2007 2293 196 18 4
2008 1975 180 12 0
2009 1894 159 17 1
2010 514 45 4 1

There are no clear trends for 5.0+ from 1990-2004, although the last five years have all had more quakes than any of the years before them. However, if you only look at 6.0+ even that trend doesn’t hold, as ’94, ’95, and ’00 all had more 6.0+ quakes than three of the last five years. (There are some slight increasing trends depending on whether you focus on the peaks or the troughs, but I suspect that we simply missed more of these smaller quakes in the past than we do now.) It is true that ’07 and ’08 are the top two in either breakdown, but ’09 declined closer to the recent average.

Let’s move on to 7.0+, which would be even harder to miss than the 6′s. Here there is no trend at all. ’08 is actually below the 20-year average of 14 per year, and ’07 comes in at a measly third place below the records from the 90′s that are still standing.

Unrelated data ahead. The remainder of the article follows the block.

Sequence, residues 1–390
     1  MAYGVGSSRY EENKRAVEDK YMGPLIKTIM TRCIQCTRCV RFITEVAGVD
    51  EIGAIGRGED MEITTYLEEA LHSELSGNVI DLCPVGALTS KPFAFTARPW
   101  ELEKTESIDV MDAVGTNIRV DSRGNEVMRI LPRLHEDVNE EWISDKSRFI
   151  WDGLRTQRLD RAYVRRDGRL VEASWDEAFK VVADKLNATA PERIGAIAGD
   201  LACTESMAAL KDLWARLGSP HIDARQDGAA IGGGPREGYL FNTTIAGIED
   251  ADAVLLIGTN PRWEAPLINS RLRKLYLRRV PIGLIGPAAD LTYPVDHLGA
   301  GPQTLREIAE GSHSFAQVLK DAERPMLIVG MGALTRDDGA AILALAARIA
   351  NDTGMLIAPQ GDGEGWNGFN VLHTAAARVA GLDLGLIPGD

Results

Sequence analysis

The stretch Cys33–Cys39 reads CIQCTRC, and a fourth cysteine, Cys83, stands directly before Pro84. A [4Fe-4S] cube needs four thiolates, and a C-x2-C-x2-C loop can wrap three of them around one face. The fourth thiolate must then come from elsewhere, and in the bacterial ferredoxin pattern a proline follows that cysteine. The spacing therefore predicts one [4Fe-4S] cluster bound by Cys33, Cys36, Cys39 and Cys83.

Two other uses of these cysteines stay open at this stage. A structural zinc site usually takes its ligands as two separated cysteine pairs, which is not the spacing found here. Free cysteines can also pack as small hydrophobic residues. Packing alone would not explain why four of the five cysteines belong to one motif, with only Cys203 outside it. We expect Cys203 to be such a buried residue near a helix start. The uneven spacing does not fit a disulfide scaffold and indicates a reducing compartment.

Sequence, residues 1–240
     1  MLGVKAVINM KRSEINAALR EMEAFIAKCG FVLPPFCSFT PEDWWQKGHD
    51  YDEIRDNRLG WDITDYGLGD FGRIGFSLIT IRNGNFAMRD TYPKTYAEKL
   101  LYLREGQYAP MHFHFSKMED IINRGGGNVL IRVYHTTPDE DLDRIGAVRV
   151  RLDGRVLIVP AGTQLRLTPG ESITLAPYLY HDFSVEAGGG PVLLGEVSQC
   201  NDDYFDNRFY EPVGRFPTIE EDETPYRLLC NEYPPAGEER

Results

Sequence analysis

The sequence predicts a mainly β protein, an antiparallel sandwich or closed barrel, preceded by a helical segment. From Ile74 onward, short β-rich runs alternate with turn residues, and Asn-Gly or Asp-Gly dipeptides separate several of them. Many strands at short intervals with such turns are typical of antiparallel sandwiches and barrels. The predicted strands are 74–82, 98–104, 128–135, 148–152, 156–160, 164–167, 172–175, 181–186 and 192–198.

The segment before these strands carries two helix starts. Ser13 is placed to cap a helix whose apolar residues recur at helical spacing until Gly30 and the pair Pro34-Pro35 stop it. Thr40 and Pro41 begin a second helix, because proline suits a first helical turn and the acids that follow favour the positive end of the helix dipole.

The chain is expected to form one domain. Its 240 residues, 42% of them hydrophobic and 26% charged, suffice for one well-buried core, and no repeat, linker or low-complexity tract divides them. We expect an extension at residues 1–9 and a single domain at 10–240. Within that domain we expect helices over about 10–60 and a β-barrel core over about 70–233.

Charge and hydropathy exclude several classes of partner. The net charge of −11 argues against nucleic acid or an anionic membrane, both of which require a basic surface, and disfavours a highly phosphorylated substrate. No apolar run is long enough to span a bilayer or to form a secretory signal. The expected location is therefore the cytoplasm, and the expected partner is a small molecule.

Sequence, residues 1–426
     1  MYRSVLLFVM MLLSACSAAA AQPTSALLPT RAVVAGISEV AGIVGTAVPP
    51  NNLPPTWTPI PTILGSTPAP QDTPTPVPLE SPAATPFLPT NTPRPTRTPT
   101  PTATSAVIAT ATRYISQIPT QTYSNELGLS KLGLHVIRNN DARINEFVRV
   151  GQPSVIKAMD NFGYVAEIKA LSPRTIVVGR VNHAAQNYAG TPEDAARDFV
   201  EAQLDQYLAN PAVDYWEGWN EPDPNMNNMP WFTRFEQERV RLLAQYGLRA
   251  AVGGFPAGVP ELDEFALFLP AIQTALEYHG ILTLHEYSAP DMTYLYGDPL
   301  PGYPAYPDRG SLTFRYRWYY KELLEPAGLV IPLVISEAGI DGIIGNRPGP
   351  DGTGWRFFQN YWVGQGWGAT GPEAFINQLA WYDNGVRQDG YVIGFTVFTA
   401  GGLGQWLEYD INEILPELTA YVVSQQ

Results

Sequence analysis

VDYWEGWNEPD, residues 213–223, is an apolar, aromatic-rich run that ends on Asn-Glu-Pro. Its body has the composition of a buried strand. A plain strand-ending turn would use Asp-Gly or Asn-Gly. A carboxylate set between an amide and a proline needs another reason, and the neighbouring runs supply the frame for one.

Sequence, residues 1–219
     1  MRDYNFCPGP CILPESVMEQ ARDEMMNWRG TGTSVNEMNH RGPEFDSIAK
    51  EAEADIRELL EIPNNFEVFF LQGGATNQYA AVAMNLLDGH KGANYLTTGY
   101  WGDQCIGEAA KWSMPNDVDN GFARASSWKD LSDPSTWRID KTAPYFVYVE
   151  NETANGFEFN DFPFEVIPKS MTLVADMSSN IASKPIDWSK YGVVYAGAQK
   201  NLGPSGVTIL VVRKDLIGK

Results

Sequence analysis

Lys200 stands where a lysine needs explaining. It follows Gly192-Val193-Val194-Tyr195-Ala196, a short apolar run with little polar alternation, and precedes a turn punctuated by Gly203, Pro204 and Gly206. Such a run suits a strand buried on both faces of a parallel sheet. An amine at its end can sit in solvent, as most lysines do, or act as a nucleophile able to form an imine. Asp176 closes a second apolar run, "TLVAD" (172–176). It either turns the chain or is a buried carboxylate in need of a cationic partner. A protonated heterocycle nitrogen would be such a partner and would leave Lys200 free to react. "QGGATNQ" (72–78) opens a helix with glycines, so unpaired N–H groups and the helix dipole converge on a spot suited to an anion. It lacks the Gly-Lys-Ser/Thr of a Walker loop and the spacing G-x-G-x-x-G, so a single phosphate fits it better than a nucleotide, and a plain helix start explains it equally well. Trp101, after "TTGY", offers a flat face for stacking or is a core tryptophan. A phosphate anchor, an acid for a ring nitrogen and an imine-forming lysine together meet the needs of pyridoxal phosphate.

There actually is an interesting trend in the big leagues at 8.0+. I doubt it would have been easy to miss many of these, even in the 70′s when we only recorded 2. Then we had 3 in the 80′s, 7 in the 90′s, and 13 in the 00′s! It’s not very comforting to say the medium quakes aren’t increasing if the big ones are! But even here we don’t have a runaway increase. We did have a record 4 in ’07, which was almost more than the entire 70′s and 80′s combined! But the following year we had none at all, and only 1 in ’09.

If you move up even higher, to the 9.0′s, there is no pattern at all. We have, on record (though not in this catalog), two in the 50′s and two in the 60′s, and the only other one was the 2004 Tsunami. We’ve had fewer super-quakes in the last forty years than we did in the 50′s and 60′s!